Faragher, 524 U.S. at 807, 118 S.Ct. 2275.

The district court found MDMH established both elements of the affirmative defense and granted summary judgment. First, the court found that MDMH's "zero-tolerance" anti-harassment policy, reporting procedure, and employee training constituted reasonable actions to prevent harassment under Faragher. Second, the district court found that MDMH took prompt action upon notification of Miller's objectionable behavior. Finally, the district court found that Williams and Conner unreasonably delayed using MDMH's preventative or corrective processes. Over four months elapsed before MDMH became aware of Miller's conduct and then only through a report initiated by neither plaintiff but by Williams's supervisor.

Williams and Conner contend that both elements of the Faragher/Ellerth affirmative defense require a finding of reasonableness on the employer's and the victim's actions-questions best left to a jury to determine. While Williams and Conner concede that very few facts are in dispute, they maintain that the inferences that can be drawn from those facts remain hotly contested. Specifically, Williams and Conner argue that (1) a reasonable jury could find that MDMH's sexual harassment policy was ineffective and deficient; (2) there were material issues of fact whether there was an unreasonable delay in reporting the harassment; (3) Miller's actions created an actionable hostile work environment after the first incidents of harassment; and (4) the district court erred in holding that an employer escapes all liability when a harassed employee unreasonably delays reporting harassment.

First, Williams and Conner argue that a reasonable jury could find that MDMH's sexual harassment policy was ineffective and deficient because MDMH did very little to implement the policy; the policy failed to include a provision making it mandatory for all supervisors with knowledge of harassment to report it to those in a position to take appropriate action; the policy failed to provide for the separation of the parties involved during the investigation; and another employee's report of Miller's sexual harassment to her supervisor went unreported. As a result, according to Williams and Conner, they were justified in believing that the harassment would continue until the investigation was complete.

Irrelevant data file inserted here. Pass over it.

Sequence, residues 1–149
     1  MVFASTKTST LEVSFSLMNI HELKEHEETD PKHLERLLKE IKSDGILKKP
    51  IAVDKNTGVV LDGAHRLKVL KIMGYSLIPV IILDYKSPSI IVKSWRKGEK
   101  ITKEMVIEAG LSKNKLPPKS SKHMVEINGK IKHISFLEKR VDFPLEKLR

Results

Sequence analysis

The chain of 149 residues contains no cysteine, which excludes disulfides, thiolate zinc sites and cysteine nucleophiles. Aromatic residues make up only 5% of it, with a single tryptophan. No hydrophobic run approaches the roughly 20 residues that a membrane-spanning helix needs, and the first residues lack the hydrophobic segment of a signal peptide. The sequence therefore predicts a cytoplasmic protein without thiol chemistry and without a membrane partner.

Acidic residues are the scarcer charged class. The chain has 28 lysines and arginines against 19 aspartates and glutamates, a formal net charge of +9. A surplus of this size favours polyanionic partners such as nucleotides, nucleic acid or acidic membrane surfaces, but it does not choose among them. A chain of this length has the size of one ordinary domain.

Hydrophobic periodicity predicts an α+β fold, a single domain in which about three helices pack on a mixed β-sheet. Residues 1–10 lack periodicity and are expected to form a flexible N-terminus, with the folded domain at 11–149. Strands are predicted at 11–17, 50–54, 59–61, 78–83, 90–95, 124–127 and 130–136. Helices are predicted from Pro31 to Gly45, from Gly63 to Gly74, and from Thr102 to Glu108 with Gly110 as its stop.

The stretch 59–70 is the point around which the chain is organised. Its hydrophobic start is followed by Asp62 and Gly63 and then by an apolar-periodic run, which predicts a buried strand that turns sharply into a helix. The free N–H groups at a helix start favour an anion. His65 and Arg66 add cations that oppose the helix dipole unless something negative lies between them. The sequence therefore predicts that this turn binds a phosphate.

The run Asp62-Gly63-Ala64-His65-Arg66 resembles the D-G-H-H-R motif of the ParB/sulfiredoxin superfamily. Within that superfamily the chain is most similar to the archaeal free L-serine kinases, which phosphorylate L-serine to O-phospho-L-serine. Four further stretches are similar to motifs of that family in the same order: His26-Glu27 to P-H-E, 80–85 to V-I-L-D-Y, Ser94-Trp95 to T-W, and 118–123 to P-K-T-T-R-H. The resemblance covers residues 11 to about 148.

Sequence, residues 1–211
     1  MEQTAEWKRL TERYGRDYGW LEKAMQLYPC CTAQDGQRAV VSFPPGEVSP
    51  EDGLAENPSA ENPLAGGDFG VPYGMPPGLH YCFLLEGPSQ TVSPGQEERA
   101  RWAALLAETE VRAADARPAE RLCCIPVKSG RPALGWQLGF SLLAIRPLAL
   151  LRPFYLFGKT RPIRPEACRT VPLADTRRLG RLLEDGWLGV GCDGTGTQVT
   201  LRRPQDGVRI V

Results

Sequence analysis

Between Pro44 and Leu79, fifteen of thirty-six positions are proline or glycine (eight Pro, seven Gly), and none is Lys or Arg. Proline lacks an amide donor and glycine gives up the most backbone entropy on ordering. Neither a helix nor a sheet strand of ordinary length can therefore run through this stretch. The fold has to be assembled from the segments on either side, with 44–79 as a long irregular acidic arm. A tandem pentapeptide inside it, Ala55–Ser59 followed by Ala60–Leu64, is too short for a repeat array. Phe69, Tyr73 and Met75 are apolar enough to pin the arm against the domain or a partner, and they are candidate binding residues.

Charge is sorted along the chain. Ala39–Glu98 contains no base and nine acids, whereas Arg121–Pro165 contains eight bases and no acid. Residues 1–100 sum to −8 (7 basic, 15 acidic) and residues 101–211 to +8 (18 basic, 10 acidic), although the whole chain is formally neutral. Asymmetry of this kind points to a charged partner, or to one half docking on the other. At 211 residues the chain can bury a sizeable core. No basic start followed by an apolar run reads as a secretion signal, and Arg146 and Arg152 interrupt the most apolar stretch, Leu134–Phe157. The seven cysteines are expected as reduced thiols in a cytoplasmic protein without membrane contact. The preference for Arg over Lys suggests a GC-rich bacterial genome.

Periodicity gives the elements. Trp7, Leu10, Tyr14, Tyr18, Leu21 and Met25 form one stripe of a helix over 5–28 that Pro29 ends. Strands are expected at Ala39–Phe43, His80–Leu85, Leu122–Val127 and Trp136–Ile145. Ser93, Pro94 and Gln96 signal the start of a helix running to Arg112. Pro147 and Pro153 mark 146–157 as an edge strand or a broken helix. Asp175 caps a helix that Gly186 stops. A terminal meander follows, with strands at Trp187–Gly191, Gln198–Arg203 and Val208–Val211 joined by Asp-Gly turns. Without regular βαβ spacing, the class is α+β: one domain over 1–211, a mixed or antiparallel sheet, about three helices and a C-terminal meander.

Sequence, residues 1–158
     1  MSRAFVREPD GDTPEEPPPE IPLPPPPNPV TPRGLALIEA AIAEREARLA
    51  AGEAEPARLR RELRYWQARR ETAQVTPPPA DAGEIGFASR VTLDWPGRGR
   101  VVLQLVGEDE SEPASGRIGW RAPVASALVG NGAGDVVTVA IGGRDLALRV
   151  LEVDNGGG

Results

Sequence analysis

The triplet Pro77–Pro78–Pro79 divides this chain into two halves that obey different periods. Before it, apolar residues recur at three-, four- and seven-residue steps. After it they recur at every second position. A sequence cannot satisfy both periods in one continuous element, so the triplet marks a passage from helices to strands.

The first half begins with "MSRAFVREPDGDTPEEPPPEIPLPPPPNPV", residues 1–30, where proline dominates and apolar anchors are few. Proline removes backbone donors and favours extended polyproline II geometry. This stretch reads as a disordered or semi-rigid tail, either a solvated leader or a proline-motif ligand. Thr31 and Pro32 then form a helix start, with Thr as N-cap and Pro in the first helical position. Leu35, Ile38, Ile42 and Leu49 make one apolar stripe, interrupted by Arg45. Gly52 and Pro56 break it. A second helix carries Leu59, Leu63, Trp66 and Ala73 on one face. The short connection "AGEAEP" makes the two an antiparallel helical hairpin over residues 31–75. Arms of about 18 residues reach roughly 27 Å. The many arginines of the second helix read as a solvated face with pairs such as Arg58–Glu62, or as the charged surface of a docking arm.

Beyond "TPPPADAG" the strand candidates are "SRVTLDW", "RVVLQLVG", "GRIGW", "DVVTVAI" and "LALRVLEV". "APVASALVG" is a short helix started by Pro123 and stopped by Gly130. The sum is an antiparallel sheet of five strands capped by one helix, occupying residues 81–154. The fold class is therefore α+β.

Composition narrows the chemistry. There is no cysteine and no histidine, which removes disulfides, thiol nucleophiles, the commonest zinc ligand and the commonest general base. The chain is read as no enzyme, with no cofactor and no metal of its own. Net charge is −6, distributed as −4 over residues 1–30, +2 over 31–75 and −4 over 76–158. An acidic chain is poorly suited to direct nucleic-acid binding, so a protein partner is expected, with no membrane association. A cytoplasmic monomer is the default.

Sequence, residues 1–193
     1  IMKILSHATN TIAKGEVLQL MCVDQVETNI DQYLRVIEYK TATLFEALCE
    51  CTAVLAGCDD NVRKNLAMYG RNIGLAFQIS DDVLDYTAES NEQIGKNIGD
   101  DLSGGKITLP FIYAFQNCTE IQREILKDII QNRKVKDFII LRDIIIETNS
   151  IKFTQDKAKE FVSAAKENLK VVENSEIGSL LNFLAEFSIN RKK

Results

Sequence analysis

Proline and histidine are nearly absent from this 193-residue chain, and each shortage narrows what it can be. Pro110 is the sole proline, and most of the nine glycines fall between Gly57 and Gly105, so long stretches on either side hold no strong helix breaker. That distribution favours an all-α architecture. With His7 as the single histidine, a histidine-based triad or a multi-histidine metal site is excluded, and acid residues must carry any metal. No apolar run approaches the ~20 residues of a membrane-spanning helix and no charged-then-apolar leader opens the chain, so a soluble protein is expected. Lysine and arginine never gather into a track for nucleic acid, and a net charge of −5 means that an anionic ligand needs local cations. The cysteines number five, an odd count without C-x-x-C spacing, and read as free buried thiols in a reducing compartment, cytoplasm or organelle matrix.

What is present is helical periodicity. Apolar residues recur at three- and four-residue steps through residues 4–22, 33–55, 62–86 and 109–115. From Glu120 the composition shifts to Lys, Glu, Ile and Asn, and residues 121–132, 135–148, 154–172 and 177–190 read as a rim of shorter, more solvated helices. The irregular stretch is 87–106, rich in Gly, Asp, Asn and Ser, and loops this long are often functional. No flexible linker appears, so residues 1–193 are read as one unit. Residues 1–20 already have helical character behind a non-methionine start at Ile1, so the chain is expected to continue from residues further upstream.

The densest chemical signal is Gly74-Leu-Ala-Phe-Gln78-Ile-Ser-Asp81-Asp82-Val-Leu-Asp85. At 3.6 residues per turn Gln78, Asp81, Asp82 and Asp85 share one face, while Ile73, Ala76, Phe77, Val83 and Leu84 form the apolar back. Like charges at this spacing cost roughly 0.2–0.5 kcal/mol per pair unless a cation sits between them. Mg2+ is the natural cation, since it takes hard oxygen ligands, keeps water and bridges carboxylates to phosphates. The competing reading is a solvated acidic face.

Williams and Conner rely on Varner v. Nat'l Super Markets, Inc., 94 F.3d 1209, 1213-14 (8th Cir.1996) for their contentions. However their reliance is misplaced as that case is factually distinguishable. In Varner, we held insufficient a sexual harassment policy that allowed a supervisor to remain silent notwithstanding his knowledge of incidents of sexual harassment when reporting the harassment would require the supervisor to skip steps in the employer's chain of command. Id. While we understood the employer's desire to utilize a chain-of-command structure, its procedure fell short of that which might absolve an employer of liability. Id. MDMH's policy does not encourage such a rigid chain-of-command structure and expressly permits victims of sexual harassment to skip steps in the chain-of-command when reporting sexual harassment.